Home prices continue to decline

According to CNNMoney and current economists, the housing market is likely to continue falling throughout 2011 and into next year as well. In an exclusive survey performed by CNNMoney, 27 economists report that the housing market is having a variety of problems that cannot be solved anytime soon.

According to Case-Shiller home price index, the median forecast was for a 3.9% decline in the second quarter compared to a year earlier, and a 2.9% drop in prices over the course of the full year. Next year the forecast improves only slightly with an estimated 2% increase in home values. Some economists, however, predict home prices will continue to decline next year.

What are the primary issues? Most economists claim we will not see much improvement in the housing market until the labor market improves. Others believe that it will take time for the market to “work through” the inventory of foreclosed homes. Other economists claim that the market has not reached its true bottom, and homebuyers are reluctant to enter the market and buy a home that may continue to depreciate.

Home prices have taken a beating in the last few years. If you have bought a home, expecting it to appreciate, you may be surprised that its value continues to decline. If you have lost your job or have suffered a major financial crisis, you may be facing home foreclosure.

What are your financial options? With the poor housing market, many homeowners who need to sell their home are unable to without taking a substantial loss. If you are facing home foreclosure you may be able to file for bankruptcy to protect your home.

Filing for Bankruptcy

Filing bankruptcy is a serious financial decision which should not be made without first talking to a bankruptcy lawyer and making sure it is the best decision for you. There are also long-term financial impacts for bankruptcy which should be reviewed.

If you decide bankruptcy is the right choice you need to talk to a bankruptcy lawyer to find out if you can file either Chapter 7 or Chapter 13 Bankruptcy. Stricter bankruptcy laws have made it more difficult for many filers to discharge most of their debts with Chapter 7 Bankruptcy.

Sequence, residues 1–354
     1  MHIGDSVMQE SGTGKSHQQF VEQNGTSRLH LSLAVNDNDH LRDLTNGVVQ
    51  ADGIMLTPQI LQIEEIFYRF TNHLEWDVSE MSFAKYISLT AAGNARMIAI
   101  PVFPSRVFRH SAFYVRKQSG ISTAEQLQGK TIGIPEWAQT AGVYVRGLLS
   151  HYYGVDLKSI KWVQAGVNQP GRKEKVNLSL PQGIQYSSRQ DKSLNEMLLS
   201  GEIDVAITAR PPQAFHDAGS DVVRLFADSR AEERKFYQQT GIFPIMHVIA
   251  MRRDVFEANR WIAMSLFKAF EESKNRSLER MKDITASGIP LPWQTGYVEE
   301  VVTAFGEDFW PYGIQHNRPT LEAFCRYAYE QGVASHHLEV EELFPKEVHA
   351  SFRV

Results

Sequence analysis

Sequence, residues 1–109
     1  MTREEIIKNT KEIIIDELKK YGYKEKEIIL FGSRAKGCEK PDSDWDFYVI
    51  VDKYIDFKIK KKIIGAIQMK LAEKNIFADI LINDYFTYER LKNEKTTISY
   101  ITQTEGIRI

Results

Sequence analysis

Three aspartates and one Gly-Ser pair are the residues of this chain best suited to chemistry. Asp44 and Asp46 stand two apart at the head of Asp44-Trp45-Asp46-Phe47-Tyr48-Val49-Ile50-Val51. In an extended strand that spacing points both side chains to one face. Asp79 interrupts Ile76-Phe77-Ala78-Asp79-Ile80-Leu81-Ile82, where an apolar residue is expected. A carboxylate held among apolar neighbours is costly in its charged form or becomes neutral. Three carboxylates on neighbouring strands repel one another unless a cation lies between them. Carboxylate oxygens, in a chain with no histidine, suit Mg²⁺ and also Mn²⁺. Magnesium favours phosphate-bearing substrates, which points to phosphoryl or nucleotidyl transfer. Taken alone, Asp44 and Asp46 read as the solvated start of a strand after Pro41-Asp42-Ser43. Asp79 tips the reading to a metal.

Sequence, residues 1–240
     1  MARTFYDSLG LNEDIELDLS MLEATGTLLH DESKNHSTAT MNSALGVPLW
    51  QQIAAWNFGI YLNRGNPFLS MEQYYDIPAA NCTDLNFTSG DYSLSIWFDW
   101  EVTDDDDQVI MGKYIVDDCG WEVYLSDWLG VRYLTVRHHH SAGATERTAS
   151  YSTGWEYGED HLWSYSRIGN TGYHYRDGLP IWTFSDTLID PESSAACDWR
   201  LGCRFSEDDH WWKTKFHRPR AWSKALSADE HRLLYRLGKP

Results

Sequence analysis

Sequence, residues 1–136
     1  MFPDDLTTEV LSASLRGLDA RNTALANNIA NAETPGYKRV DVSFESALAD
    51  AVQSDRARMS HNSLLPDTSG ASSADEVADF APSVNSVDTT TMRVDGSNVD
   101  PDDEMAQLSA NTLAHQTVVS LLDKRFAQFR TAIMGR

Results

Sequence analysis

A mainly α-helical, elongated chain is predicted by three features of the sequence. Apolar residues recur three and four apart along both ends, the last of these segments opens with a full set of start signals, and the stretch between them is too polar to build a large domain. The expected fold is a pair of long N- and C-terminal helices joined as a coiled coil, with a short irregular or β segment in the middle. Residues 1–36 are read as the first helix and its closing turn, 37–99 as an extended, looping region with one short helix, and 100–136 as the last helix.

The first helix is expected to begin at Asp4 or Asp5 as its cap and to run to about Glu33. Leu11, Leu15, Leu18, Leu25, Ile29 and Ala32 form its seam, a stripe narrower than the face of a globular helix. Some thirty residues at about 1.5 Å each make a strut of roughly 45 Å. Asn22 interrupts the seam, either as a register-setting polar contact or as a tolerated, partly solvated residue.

If you do not qualify for Chapter 7 Bankruptcy you may be able to file Chapter 13 Bankruptcy and create a three to five year debt repayment plan to repay your creditors.

Filing bankruptcy will also stop home foreclosure, property repossession, wage garnishments, bank account levies and creditor harassment. After the filing of the bankruptcy petition is filed an automatic stay will be initiated to stop these actions.

A trustee will also be appointed to liquidate and sell the debtor’s assets (Chapter 7 Bankruptcy) or to gather debt payments and distribute them to creditors (Chapter 13 Bankruptcy). Regardless of the type of bankruptcy, creditors must deal exclusively with the bankruptcy trustee and not contact the debtor.

Contact a bankruptcy lawyer if you have questions about whether filing bankruptcy is right for you. Bankruptcy will not be the best solution for all debtors. Many debtors may be able to create a budget or use debt consolidation to pay their creditors and avoid bankruptcy.

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Beth L. is a content writer for Better Bankruptcy. Good content and information is one of many methods we utilize to bring you the answers you need.